LANSING, Mich. (AP) — Democratic Rep. Sander Levin of Michigan, who has served in Congress for nearly 35 years, will not seek re-election to a 19th term.
He plans to make the retirement announcement Sunday, including at his annual holiday party in the Detroit suburb of Royal Oak, according to three Democrats who spoke to The Associated Press on the condition of anonymity to discuss private talks. The AP sent emails to Levin aides seeking comment.
The 86-year-old Levin has sat on the powerful House Ways and Means Committee for almost 30 years. He was the top Democrat on the panel from 2010 through 2016 and was chairman during the passage of the federal health care law.
Levin, of Royal Oak, has represented varying parts of suburban Detroit since the early 1980s. As a member of the Ways and Means Committee, he has been involved in tax, trade, entitlement spending and unemployment compensation policies over his career.
His brother Carl was a longtime U.S. senator, and they are the longest-serving sibling duo in congressional history.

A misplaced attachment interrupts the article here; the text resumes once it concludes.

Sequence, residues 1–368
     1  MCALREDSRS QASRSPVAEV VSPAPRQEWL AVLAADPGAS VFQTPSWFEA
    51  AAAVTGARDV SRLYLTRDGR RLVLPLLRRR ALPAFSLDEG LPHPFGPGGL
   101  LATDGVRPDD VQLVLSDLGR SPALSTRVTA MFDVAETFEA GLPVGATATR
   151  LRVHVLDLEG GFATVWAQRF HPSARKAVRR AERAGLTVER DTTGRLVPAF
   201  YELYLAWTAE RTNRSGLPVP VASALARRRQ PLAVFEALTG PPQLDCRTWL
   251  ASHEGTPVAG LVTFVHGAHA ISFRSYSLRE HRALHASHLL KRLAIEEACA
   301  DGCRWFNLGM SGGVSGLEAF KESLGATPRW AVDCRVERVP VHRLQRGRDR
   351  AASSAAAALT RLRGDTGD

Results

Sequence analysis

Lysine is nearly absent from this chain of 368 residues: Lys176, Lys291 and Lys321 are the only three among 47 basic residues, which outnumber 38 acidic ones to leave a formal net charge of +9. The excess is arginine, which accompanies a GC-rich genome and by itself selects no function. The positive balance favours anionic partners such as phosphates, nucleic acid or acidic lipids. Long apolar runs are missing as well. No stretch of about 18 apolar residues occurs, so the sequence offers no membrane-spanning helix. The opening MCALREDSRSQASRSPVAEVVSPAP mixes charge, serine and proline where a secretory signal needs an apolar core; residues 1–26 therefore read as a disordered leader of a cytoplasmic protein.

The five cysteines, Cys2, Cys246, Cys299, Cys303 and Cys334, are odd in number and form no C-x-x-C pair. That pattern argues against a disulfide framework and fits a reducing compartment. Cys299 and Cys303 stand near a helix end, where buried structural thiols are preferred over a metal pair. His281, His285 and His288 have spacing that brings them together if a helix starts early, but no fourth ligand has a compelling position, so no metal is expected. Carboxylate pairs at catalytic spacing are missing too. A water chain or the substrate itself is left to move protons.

Michigan's 9th Congressional District is a Democratic-leaning seat in Oakland and Macomb counties. Levin's son, Andy — who worked in former Gov. Jennifer Granholm's administration and recently considered running for governor before deciding against it — is seen as a likely candidate to run, hinting in a recent newspaper op-ed that he would focus on "building the movement for economic and social justice closer to home." Another potential Democratic candidate is state Sen. Steve Bieda.
Before joining Congress, Sander Levin was the assistant administrator in the U.S. Agency for International Development. He was twice the Democratic nominee for governor in the 1970s and earlier was a state senator.
Levin is the second Michigan congressman to decide against seeking re-election, joining second-term Republican Rep. Dave Trott, who represents the neighboring 11th District in suburban Detroit.